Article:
A Machine for Living in

The house is a machine for living in.—Le Corbusier, Vers une architecture
And that's all you need to know about the son-bitch, really.

Anyway, I was in a mood to put up a lot of photos again.

So the ane-ue had a post about Louis Sullivan, and modern architecture that doesn't suck. But, of course, when people think about modern architecture, that's not what they think of. Oh no, what they think of is the International Style, described by Wikipedia as characterized by "a radical simplification of form, a rejection of ornament, and adoption of glass, steel and concrete as preferred materials". You know, the big blocky buildings that look like microchips.

Let us all pause to reflect on the irony of naming a style that's fond of flat roofs and big picture windows "International", since the former are a nightmare in snowy places and the latter make keeping the joint cool a losing battle in sunny ones. Lucky for them the name actually means, either, "the style of the 1932 International Exhibition of Modern Architecture", or else "the style described in Internationale Architektur and/or Internationale neue Baukunst by Walter Gropius and Ludwig Hilberseimer, respectively".

Of course the style caught on most in various statist eras and regimes, though it was excoriated by both Hitler and Stalin (both of whom had ironically good judgment in aesthetics, possibly as the counter-balance to being, y' know, Hitler and Stalin). I always find it odd that science fiction likes to use Stalinesque monumental architecture as a shorthand for dystopia, when the International Style is far more soul-crushing. Hey, say what you will, but half the problem with Hitler and Stalin came from the fact they actually did know how to stir the human heart. And as history has shown, totalitarianism is more effective when it's quiet and mundane than bombastic and dictatorial.

Here, for example, is a typical product of the International Style, and appropriately, it is council housing—a housing project—in Airstrip One the UK.Admit it, if you lived there (the place is called, without a trace of sarcasm, Robin Hood Gardens), you'd go in for a bit of the ol' ultraviolence too.

Here's another view of it.Right horrorshow example of dystopian squalor, eh, droog?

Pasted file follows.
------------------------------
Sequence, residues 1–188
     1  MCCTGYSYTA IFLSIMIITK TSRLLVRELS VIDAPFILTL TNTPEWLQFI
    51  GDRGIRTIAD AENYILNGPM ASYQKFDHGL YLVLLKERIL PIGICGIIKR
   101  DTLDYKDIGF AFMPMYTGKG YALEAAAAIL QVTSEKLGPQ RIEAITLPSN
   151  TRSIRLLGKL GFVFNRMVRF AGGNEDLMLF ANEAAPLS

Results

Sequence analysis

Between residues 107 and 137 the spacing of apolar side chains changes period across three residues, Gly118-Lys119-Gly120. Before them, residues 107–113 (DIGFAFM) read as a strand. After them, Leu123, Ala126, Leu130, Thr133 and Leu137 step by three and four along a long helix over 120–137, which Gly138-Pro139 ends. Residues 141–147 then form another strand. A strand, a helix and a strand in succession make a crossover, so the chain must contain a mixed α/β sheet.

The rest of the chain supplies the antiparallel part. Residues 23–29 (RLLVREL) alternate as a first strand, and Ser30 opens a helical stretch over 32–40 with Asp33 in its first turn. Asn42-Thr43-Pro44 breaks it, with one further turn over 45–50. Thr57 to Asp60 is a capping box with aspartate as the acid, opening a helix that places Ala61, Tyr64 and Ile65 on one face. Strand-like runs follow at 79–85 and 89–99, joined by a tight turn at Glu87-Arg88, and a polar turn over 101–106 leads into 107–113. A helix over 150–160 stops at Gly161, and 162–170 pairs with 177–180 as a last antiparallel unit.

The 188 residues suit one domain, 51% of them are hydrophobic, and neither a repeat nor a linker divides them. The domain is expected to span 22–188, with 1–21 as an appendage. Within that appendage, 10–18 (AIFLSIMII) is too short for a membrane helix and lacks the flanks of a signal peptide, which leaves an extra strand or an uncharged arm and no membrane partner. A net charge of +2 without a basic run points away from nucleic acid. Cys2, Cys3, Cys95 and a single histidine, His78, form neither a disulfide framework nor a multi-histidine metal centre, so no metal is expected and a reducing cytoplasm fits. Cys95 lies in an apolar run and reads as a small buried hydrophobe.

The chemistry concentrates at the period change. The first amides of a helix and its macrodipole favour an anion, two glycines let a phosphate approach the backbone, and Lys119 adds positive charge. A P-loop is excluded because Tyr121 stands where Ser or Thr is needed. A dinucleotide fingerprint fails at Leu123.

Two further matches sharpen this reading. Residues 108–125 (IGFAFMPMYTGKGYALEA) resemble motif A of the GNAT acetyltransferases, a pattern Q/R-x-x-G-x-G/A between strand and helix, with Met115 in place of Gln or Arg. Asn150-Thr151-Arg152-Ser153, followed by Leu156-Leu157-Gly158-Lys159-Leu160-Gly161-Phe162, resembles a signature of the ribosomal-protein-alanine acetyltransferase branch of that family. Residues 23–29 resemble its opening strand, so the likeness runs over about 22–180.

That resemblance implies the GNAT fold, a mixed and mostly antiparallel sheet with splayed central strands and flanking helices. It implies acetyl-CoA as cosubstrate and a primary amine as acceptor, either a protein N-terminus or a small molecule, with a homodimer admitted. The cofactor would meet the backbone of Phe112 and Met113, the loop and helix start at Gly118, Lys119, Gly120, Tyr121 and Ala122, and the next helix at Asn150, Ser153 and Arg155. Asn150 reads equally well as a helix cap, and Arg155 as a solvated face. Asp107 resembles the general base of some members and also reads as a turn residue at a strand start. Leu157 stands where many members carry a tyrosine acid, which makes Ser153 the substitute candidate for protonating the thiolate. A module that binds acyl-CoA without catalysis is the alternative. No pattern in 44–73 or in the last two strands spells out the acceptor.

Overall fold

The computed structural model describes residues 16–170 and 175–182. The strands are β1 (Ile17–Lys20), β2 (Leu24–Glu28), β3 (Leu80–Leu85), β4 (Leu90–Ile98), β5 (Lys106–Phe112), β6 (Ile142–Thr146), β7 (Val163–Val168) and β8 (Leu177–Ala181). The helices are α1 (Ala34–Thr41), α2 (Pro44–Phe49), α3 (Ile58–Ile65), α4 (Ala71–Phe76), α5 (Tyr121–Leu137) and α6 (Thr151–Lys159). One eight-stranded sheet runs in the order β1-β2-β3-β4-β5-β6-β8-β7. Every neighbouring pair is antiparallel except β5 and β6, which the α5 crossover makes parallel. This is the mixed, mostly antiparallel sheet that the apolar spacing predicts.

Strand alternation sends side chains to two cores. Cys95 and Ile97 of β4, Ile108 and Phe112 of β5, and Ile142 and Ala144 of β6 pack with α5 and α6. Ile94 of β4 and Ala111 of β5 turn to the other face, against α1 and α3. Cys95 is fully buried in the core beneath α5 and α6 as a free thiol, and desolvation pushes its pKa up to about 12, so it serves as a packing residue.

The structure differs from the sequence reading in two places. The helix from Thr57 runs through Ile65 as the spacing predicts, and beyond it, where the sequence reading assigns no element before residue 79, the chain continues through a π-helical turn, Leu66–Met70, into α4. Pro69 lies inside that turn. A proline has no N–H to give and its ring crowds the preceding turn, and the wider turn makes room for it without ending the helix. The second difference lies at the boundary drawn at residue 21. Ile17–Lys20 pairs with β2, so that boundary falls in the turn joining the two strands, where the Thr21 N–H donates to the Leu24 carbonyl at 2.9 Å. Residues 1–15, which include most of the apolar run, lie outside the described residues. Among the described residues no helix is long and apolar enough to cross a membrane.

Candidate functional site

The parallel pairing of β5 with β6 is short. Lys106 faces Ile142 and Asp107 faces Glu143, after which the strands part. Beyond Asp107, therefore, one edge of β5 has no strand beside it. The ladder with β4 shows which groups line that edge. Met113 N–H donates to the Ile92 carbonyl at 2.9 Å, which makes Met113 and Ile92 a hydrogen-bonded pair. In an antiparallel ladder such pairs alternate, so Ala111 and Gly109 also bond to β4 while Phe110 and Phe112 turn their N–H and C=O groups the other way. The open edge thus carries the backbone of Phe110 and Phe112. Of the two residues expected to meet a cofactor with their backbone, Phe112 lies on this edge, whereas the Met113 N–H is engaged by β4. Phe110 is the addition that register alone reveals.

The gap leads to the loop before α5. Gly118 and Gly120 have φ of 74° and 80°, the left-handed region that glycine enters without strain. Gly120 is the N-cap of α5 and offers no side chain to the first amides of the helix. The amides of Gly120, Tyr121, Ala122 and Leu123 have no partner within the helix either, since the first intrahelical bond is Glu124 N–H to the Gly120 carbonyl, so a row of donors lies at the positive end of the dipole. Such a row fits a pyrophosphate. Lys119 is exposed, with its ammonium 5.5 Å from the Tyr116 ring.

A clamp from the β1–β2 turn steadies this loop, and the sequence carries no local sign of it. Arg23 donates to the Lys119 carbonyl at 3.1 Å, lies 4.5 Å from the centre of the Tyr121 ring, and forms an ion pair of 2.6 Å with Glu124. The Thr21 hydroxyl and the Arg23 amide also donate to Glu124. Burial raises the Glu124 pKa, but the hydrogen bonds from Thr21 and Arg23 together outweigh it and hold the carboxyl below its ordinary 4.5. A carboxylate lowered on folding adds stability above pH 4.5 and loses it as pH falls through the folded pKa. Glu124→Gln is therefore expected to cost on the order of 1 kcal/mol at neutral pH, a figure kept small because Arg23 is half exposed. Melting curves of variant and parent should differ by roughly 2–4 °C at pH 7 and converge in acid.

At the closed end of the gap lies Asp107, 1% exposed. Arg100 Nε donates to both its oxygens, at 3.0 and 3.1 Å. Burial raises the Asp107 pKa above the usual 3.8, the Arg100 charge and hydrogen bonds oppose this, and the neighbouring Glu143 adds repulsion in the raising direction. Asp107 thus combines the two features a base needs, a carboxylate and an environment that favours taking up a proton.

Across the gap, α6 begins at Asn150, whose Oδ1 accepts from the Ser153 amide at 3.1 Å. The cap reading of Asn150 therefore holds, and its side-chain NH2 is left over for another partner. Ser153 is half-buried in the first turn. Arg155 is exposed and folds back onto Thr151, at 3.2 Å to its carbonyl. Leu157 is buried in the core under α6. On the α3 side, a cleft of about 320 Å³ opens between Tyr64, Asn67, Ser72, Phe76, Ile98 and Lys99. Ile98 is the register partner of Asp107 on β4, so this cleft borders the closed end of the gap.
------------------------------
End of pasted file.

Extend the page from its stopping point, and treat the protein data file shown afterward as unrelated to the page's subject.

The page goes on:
Or hey, you want evil megacorp headquarters? Forget those ziggurats from Blade Runner, how about this?It's the IBM building in Chicago. If you can think of a philosophical difference between Big Blue and Big Red, I'd like to know what it is.

International architecture also makes government buildings look remarkably sinister, like this, the Gustavo Capanema building in Rio.Brings new meaning to "government drone", doesn't it?

The International School, perhaps admirably, did not exempt its own proponents from its effects. The famous Bauhaus building in Dessau Germany, for example:To a person with a proper appreciation of architectural aesthetics, the place is Barad-Dûr. Or maybe even Angband.

Here, similarly, is a Berlin tech school's dormitories:And no, I don't think it's East Berlin. But you wouldn't be surprised if it were, would you?

Now, actually, that school does provide a lot of interesting ideas for other things. For instance, production design, and props. Here's a typewriter in the Bauhaus style:Now obviously, unless your story were dabbling in dieselpunk anachronism, you wouldn't have a setting's computer interfaces actually look like this. But imagine those round typewriter keys as glowing circles on a tilted, translucent plate, their faces changeable depending on the character set being used; the typebars and the paper section replaced by a monitor that (because it's The Future) is essentially just a glass plate held up on a wire frame. Now that is plainly the interface device of any dystopian office drone. Unfortunately you can't really put him in a steel-tubing cantilever chair, nor make his desk out of steel tubing: those aspects of the International Style are (praise God) dated, because no longer in use.

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